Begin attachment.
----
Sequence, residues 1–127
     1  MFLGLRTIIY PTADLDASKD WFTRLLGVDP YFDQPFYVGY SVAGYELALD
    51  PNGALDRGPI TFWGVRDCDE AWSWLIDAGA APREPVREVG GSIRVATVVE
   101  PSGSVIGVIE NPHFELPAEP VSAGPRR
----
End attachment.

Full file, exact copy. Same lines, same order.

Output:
Sequence, residues 1–127
     1  MFLGLRTIIY PTADLDASKD WFTRLLGVDP YFDQPFYVGY SVAGYELALD
    51  PNGALDRGPI TFWGVRDCDE AWSWLIDAGA APREPVREVG GSIRVATVVE
   101  PSGSVIGVIE NPHFELPAEP VSAGPRR